The Israeli premier will stress willingness to resume talks immediately, in a letter responding to the Palestinian president.
Prime Minister Benjamin Netanyahu intends to send a letter to Palestinian Authority President Mahmoud Abbas in which he will call on him to return to the negotiating table promptly and without preconditions.
A senior Israeli official said the letter would be a response to a similar communiqué Abbas plans to relay to Netanyahu in the upcoming days.
The Israeli message will stress, among other diplomatic statements, the Israeli willingness to resume the talks that took place in the Jordanian capital Amman, under the aegis of the Jordanian king and the Quartet of Middle East peacemakers.
In his letter Netanyahu will state that Israel is willing to discuss all core issues: borders, security arrangements, refugees, water, settlements, and the fate of Jerusalem.
Netanyahu will write Abbas that he isn’t laying down any preconditions to the negotiations and expects that the Palestinians would do the same. Although Netanyahu will stress that any peace agreement between the sides will have to include the Palestinian recognition of Israel as the national homeland of the Jewish people and their assent to appropriate security arrangements.
The senior Israeli official stated that the final draft of the letter will only be penned once the corresponding message from Abbas will be received in the next few days.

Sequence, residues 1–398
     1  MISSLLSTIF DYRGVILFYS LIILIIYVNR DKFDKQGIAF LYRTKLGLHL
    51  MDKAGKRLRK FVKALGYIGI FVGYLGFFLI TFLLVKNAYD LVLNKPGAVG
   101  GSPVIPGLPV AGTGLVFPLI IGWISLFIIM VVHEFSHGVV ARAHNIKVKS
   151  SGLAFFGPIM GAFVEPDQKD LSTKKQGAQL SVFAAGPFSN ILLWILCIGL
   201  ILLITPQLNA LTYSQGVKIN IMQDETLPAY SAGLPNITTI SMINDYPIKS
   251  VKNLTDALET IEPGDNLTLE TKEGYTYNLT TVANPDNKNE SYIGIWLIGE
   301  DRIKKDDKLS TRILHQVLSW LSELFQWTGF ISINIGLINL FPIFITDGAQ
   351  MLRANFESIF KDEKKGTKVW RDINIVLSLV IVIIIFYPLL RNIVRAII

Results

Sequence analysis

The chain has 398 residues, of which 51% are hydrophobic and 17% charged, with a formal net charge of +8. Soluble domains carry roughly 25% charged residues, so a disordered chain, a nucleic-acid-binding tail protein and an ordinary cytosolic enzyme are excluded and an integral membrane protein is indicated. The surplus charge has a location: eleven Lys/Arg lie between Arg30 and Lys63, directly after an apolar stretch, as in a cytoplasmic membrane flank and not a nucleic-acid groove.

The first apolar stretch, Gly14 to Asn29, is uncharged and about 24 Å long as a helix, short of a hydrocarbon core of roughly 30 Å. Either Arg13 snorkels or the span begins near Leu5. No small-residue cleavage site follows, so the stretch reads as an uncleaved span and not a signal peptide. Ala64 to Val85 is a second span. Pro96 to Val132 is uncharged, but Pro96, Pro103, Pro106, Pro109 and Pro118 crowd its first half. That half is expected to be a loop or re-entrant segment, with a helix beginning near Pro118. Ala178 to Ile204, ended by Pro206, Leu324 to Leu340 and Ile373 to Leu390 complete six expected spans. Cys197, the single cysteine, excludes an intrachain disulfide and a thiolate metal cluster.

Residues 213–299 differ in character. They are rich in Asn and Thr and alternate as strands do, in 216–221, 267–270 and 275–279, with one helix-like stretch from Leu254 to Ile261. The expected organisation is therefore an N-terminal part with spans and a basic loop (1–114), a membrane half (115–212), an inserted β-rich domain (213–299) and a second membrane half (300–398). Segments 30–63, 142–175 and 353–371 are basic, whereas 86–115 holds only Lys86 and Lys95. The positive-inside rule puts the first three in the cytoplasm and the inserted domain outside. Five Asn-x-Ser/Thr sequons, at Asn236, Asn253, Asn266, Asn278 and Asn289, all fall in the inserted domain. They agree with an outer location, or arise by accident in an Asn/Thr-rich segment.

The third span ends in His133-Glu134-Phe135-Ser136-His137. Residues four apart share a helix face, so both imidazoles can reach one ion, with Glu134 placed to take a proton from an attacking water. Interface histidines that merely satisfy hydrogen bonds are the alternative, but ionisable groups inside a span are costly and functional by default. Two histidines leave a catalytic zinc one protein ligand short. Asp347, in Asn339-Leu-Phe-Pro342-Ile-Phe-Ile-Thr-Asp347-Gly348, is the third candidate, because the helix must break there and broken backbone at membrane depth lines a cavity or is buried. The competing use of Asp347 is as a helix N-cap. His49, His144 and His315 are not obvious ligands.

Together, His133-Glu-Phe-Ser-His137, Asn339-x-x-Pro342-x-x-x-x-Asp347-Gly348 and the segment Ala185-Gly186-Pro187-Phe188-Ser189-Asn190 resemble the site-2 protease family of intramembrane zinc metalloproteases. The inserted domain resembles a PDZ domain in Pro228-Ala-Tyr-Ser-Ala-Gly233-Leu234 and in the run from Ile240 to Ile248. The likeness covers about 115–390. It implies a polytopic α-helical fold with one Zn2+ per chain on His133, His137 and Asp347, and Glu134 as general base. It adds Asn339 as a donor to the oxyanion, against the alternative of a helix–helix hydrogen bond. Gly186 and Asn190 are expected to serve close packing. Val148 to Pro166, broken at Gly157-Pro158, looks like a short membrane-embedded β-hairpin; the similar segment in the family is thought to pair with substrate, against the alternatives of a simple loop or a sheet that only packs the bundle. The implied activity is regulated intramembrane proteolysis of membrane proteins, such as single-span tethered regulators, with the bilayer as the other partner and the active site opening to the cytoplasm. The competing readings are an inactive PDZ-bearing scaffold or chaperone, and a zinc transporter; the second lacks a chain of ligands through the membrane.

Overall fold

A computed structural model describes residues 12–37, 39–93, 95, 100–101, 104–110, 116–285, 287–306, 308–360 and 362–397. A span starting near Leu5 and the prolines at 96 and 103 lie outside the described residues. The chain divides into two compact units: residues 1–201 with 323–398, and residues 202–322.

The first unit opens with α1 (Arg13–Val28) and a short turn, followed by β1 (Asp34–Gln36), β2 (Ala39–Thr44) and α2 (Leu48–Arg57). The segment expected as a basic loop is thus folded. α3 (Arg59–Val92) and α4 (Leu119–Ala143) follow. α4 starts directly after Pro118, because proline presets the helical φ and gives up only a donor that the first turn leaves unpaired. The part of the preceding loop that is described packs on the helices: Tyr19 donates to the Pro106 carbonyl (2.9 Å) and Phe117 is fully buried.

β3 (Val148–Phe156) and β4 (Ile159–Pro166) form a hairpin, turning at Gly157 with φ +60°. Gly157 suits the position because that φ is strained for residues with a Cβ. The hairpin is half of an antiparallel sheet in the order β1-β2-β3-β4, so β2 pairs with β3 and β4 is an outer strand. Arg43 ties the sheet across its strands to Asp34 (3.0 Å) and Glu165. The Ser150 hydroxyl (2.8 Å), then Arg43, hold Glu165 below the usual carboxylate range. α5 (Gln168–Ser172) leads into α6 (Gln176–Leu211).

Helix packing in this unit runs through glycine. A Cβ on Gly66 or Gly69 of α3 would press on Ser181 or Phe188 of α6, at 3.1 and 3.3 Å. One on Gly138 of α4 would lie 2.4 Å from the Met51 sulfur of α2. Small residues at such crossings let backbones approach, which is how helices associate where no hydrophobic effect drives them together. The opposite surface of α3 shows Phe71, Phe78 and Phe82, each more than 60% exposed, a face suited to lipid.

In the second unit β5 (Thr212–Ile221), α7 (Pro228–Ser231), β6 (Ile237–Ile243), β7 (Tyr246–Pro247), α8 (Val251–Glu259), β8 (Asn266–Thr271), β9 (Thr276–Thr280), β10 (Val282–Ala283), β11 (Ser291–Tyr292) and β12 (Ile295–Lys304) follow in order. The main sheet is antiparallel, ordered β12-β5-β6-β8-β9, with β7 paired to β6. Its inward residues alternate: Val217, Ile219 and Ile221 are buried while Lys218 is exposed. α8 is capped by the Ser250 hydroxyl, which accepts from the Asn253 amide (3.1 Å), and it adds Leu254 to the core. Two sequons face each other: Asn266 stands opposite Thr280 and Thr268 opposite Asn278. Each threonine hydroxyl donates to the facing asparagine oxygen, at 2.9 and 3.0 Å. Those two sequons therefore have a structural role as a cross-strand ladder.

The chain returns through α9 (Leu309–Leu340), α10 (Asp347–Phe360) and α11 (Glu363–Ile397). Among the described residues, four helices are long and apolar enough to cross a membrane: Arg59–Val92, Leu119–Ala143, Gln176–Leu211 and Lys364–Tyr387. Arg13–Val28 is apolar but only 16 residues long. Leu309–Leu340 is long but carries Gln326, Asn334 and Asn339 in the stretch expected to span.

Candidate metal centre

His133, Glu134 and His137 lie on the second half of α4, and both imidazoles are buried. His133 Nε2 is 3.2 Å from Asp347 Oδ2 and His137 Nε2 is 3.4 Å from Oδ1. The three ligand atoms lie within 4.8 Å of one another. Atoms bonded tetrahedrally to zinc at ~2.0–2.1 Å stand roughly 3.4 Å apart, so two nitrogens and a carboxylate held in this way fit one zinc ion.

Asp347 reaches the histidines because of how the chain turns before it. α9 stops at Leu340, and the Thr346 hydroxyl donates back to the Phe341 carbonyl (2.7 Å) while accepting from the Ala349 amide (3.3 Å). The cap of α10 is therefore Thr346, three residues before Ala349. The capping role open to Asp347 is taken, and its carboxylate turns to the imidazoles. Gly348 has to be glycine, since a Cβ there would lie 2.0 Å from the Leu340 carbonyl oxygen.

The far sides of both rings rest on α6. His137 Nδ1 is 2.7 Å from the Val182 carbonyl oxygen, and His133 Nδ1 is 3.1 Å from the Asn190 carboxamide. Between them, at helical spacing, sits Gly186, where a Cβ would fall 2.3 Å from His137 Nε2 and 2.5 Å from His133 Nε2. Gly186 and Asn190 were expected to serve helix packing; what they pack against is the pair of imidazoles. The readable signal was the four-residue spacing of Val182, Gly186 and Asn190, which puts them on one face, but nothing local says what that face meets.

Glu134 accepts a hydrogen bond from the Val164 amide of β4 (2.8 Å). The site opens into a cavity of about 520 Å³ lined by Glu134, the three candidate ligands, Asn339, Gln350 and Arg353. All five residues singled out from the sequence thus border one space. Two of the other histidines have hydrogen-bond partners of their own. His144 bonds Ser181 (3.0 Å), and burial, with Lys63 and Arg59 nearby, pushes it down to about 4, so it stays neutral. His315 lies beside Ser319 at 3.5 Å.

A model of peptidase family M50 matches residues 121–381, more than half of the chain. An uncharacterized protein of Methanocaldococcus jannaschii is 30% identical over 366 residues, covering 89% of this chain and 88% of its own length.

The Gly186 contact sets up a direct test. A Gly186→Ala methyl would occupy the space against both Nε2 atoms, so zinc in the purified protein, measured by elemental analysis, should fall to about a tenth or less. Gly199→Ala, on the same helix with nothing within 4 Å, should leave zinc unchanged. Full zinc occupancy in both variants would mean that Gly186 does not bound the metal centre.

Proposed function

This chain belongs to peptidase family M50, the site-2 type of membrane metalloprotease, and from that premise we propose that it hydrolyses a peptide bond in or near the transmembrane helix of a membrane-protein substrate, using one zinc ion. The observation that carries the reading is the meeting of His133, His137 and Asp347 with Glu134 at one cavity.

“Netanyahu’s letter will be a response to Abbas’s letter,” the senior official said. “We will see what he writes and finalize our response. At any rate, the message will be that Israel is interested and willing to advance the negotiations with the Palestinians. The goal is to jump start the talks and not merely exchange correspondence for the protocol.”
During a press conference that Netanyahu held on Tuesday to mark the three year anniversary of his government, he stressed that the Palestinians are those who are refusing to return to the negotiating table.
“We want to reach a settlement with the Palestinians because, I don’t want a two-nation state,” Netanyahu stressed. “I also want to insure the survival of a Jewish state. Not only separation but also security…If the Palestinians don’t negotiate now, they will in later. I am committed to maintaining the Jewish character of the country.”
On Tuesday, Haaretz reported that last week a secret meeting between Palestinian chief negotiator Saeb Erekat and Netanyahu’s envoy Yitzhak Molho in Jerusalem. The two have been in regular telephone contact, but this has been their first meeting since the Amman talks collapsed in January 26.
In the meeting, Erekat described the letter Abbas plans to send Netanyahu in the next few days. The message, whose first drafts included an ultimatum and serious threats to dismantle the Palestinian Authority, had gone through gradual stages of dwindling and softening due to American pressure, among other reasons.
The draft Erekat presented Molho, during last week’s meeting, didn’t include a threat to dismantle the Palestinian Authority; instead it contained much weaker rhetoric. In addition, Erekat asked Molho to coordinate a meeting between Netanyahu and a senior delegation from the Palestinian Authority that will deliver the Palestinian message.